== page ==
So—I just returned from a glorious and gorgeous week’s cruise in the Caribbean. Everywhere you look, from the ship or the shore (on these cruises) is that fantastical and improbable turquoise water. (Don’t the cruise lines put dye in there every morning??)
Anyhow, I got thinking about something I have wondered about before, in other places: What effect does seeing a certain kind of landscape all your life have on your brain? I am just sure that there is an effect. I mean, supposing every day for a lifetime your eyes traveled constantly to a distant and uninterrupted horizon, as for instance in parts of Africa or Mongolia? Or that in your entire life your eyes never got farther than the tall buildings in your city?
Or that you saw mostly white, or green, or brown, in your landscape? Or blue? In cities we see multiple colors and forms constantly, and our brains have to process all that willy-nilly. When I go to Cape Cod to our cottage one of the best things about it is that there are really only three colors: blue, green, and brown. This simplicity of variety is very soothing.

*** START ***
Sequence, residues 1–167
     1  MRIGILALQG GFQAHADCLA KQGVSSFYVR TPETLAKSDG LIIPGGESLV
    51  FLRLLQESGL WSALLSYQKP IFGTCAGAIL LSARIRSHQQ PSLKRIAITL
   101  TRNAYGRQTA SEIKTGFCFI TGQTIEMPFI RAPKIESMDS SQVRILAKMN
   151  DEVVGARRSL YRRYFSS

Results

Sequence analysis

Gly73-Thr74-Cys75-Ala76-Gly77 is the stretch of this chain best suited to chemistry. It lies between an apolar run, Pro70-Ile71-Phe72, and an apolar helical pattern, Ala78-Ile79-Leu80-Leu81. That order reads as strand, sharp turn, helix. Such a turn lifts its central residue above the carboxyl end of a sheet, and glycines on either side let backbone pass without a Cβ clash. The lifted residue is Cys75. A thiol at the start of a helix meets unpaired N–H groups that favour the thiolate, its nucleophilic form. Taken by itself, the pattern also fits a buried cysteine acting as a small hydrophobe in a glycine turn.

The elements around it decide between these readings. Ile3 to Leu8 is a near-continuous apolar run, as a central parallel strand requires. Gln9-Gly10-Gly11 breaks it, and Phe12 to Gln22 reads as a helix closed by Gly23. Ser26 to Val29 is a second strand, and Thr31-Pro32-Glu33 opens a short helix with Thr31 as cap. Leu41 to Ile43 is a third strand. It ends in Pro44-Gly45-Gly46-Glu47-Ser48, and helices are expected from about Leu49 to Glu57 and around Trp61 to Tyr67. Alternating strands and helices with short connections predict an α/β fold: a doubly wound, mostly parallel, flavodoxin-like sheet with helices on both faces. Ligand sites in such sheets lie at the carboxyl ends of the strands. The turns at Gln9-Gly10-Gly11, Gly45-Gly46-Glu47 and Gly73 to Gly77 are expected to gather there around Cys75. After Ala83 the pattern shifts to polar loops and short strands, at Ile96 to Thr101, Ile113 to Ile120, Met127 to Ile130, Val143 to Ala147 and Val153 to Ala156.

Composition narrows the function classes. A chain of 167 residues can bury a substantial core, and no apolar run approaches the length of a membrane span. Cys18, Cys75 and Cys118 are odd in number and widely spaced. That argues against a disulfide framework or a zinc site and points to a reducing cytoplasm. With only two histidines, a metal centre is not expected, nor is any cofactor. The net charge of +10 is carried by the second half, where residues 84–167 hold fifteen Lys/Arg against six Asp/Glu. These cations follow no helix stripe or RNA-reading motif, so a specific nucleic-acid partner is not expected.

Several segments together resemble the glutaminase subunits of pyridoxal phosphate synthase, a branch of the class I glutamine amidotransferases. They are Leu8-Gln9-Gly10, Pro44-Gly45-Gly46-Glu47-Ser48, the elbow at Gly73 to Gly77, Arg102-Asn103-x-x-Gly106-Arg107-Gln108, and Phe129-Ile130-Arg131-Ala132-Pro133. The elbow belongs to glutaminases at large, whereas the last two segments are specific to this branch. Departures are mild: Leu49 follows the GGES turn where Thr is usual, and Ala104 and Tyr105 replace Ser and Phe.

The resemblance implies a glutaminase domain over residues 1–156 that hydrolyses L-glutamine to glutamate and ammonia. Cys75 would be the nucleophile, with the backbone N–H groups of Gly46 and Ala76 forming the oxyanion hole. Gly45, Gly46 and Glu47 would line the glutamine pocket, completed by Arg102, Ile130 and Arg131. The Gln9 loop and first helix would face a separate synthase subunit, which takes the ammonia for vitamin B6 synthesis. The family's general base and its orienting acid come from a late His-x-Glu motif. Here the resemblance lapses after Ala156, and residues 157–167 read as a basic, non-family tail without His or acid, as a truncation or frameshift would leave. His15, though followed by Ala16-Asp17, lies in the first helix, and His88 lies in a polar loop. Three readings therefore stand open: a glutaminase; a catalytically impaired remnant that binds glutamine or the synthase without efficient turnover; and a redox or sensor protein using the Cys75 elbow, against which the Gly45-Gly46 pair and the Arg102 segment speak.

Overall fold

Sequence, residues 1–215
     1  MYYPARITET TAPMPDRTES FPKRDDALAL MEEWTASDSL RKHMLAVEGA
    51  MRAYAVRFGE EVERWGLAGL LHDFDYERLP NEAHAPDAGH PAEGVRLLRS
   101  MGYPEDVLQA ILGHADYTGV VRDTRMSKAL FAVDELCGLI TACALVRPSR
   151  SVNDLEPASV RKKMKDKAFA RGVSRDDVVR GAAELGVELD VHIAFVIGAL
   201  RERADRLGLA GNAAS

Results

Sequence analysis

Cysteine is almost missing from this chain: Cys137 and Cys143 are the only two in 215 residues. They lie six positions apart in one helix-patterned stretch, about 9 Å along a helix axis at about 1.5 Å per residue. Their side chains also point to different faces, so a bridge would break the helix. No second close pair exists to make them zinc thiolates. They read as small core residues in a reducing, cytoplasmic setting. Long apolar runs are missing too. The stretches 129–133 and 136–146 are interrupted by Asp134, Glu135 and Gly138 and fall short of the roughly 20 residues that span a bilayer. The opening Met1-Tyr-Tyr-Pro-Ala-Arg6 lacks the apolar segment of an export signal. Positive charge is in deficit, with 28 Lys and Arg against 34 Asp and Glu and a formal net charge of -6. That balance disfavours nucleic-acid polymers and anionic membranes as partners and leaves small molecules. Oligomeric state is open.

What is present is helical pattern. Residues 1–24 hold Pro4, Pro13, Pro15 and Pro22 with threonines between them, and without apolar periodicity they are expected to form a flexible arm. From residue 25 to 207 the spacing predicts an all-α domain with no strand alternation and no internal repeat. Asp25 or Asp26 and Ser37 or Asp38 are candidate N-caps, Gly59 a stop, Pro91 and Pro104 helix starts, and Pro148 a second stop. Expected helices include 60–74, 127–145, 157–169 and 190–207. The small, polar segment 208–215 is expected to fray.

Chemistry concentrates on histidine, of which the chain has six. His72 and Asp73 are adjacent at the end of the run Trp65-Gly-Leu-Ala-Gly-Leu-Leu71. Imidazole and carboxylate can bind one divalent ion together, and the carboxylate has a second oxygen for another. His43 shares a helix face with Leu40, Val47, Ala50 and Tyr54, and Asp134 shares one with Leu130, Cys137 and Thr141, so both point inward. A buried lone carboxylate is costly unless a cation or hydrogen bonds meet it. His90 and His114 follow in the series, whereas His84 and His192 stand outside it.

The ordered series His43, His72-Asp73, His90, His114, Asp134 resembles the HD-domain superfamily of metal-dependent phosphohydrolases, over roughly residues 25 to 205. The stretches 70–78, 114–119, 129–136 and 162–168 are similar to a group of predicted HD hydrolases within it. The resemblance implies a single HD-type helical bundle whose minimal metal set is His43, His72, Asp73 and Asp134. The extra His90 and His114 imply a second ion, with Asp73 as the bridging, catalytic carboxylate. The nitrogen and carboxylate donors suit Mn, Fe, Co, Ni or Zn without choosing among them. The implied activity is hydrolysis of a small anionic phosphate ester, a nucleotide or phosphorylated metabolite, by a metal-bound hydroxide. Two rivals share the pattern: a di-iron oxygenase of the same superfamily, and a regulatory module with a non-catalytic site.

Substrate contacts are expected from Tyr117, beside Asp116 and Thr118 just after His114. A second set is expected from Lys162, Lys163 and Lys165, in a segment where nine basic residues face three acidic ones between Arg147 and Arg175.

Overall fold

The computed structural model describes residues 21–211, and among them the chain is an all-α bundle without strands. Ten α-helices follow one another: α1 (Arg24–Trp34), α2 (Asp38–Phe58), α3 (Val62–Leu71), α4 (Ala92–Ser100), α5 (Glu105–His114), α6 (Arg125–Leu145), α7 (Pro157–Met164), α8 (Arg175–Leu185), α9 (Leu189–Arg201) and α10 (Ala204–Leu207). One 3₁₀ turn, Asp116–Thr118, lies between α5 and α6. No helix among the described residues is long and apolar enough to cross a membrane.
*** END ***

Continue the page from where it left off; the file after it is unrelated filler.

Once years ago when I was a teacher of ten-year-olds I used to do a kind of experiment with them. Each kid would take a small piece of paper and a pencil and when I gave the signal would have I think it was 15 seconds to sketch our classroom. Then we would all line up at the window (second floor), and using another piece of paper take 15 seconds to sketch what was seen outdoors. Then we would all get in a circle and first hold up our indoor drawings and look around at everybody else’s, and then our outdoor ones. The results were always striking: indoors = straight lines and sharp angles; outdoors = meandering lines and curves. We would discuss why that might be.
If you live in some places it’s all straight lines, and in others, the curves of nature.
Don’t you imagine that those things make a difference in your brain?
I myself crave the curvy blue, green, brown of nature! One of the greatest gifts of travel is the seeing of other landscapes. Keeps my brain supple—I hope.